The Great Pattern Review
#1103 - 1930's Style evening Gown
Kathleen Farrell - Recommended
A great 1930s evening gown. The pattern is looks more complicated than it really is. (Good news!) You can find almost identical dresses in old copies of Voque Magazine. It looks much harder to make than it is. The gown is an ordinary narrow line but, hard to look elegant walking in if you don't have the godet. I made the body of the gown in silk organza over polyester taffeta. For the sleeves: first you handkerchief hem both sides of a bunch of yards of ruffles. Then take the flat sleeve and stitch down the center of the ruffles in rows. Treat this puffy confection like any other sleeve: stitch the underarm seam and attach to the gown in the normal way. You are ready to rhumba!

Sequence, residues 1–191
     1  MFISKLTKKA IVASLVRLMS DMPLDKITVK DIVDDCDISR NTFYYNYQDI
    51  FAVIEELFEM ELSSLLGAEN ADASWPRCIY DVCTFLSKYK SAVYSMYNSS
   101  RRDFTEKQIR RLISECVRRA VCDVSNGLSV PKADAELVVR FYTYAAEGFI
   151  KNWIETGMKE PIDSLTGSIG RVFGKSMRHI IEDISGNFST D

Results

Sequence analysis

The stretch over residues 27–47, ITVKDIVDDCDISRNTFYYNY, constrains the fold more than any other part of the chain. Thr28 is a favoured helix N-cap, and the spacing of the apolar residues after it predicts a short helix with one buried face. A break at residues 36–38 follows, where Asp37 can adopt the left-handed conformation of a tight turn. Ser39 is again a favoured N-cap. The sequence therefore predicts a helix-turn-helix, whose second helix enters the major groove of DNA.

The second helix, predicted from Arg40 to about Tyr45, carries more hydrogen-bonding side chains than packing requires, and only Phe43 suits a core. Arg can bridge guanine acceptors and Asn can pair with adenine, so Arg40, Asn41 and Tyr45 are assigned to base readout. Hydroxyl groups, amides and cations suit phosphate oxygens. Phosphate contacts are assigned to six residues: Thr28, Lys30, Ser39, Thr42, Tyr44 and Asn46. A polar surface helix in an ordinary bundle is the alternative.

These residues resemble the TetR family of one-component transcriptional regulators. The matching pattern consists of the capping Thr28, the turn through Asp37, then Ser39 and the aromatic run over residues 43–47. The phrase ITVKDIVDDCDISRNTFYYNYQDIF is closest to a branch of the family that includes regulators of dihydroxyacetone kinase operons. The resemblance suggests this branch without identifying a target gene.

If you're using organza I would suggest using your over edge foot and a long-ish narrow zig zag. For my dress I had white opalescent polyester organza. I first over-edged in white thread and I didn't like the look. I then did it in metallic thread, straight stitch, over again and it looked more finished. I've since done similar work using contrasting thread and it looks good. Another way to do it that looks very nice is to use a pretty, but simple, stitch on your machine. Vines, buttonhole, wavey lines, etc, all work very well in matching or contrasting thread. Mind that you use a new needle for metallic threads. You may also have to rethread the machine between ruffles as the thread sometimes "strips".